- Stocks are really great ways to introduce certain flavours into your dish, most restaurants make a massive amount of stock at the beginning of the week and some make enough to last them a couple weeks.

- It is far less expensive to make a full pot of stock like my 32cm pot , with bones, that it is to make one with meat, or meat-on-the-bone. At home, I make enough stock to last me 2 weeks and when I want to cook anything with meat, I just grill the meat and add it to my dish, and this works out because meat grilled, or fried is more flavoursome than that boiled in stock (this I will elaborate on in another session where we cover meats and fats)



here are some answers to questions I imagine some of you will come up with, and if all your questions are not addressed, drop a comment below, or use the comment icon on the top right corner of the video to comment on the video.

Why do we boil the stock for sooo long?

- Gelatine. The bones contain gelatine, and tough bones like that of beef, lamb, veal and so on, require a long time of cooking to extract that gelatine. What good is gelatine? well, it is what makes your stock gel when you store it in the fridge, and gelatine also has medicinal benefits due to its hydrophilic nature; it aids digestion by rendering digestive juices more effective by attracting them to itself.

- Another reason we boil it for so long is to concentrate the flavour. that is why we only add a little amount of salt, because as the stock reduces, the flavour gets more intense. want to try this out for yourself. cook a full pot of stock, and reduce it all the way to 1/4 of the original quantity. save some of the original quantity, taste it, and then taste the reduced quantity, the difference will be clear.

Why only such a small amount of salt?

- Like I said earlier, we reduced the stock by half, or even more, and then the flavour gets concentrated, we only need a tiny amount of salt in comparison to the liquid, to flavour it slightly, remember this is not the usually stock West Africans make, this stock is to add that extra little bit of flavour. Also, you can always add as much salt as your heart pleases when you add the stock to whatever dish you are making. (just don't overdo it)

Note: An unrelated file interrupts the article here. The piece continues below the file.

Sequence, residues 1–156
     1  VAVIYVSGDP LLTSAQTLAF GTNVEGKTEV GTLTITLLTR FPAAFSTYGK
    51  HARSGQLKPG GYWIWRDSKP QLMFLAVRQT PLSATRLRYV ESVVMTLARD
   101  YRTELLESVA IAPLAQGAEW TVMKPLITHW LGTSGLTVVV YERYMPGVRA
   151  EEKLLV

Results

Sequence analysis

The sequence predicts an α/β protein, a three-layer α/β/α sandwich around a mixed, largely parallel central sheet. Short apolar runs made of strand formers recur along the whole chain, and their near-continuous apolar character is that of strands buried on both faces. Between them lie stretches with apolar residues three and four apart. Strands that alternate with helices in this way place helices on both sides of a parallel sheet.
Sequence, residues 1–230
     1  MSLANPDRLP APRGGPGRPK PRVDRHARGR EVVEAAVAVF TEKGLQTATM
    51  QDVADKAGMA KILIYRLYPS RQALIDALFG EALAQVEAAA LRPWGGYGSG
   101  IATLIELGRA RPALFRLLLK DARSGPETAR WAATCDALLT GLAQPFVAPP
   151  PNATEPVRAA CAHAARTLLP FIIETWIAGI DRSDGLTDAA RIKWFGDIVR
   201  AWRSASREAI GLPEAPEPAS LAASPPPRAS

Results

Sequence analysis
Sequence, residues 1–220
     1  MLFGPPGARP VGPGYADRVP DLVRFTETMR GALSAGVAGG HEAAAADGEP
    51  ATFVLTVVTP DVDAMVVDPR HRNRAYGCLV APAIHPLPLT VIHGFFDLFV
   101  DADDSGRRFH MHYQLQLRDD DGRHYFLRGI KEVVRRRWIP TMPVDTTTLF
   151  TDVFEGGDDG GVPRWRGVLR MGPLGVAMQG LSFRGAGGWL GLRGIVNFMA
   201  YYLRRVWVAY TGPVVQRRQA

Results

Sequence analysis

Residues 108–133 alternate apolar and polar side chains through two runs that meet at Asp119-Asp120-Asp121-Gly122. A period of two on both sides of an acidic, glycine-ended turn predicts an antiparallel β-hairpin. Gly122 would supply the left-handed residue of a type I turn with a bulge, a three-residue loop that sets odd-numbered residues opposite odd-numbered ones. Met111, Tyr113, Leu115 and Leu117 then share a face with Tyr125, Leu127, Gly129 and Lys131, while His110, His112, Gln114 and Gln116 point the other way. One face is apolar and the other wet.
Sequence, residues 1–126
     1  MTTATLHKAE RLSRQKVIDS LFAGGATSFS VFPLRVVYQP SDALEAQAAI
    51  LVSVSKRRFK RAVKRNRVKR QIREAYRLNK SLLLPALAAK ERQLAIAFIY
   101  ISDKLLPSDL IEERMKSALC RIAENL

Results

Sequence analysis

As nice as I am, HERE is a recipe you can try your brown stock on:

Try this chicken recipe:

  • 6 chicken thighs

  • 1 large carrot (diced)

  • 1 cup of green peas

  • 1 large onion diced

  • 4 garlic cloves (minced)

  • 14g minced ginger (or 3/4 tbsp minced ginger)

  • 120ml vegetable oil

  • 300ml brown stock

  • 1 potato (peeled and diced)

  • salt to taste

  • 1/2 tsp black pepper

  • 1 tsp dried thyme

  • 1 tsp curry

  • 1 tbsp butter

  • 1 tbsp plain flour


- add butter to pan, fry onions until soft, and then add carrots and green peas. Fry for 2 minutes, then set aside.

- Add vegetable oil to pan. Salt Chicken and fry skin side down until fat on skin is rendered. Then flip and fry on other side for 2 minutes. The aim is not to fully cook the chicken as it will still boil in the sauce, and overcooking chicken will make it dry

- Now add the onions, carrots and peas to the chicken, add your brown stock, garlic, ginger and all other seasonings. once it comes to a boil. add your diced potatoes and let cook until done.

- The starch in the potato should thicken up the sauce, in which case, you should not need the flour, if the sauce is not as thick as you would like, then mix the flour with3 tbsp water and add it bit by bit until sauce is thickened up to desired consistency.

- Finish with fresh parsley.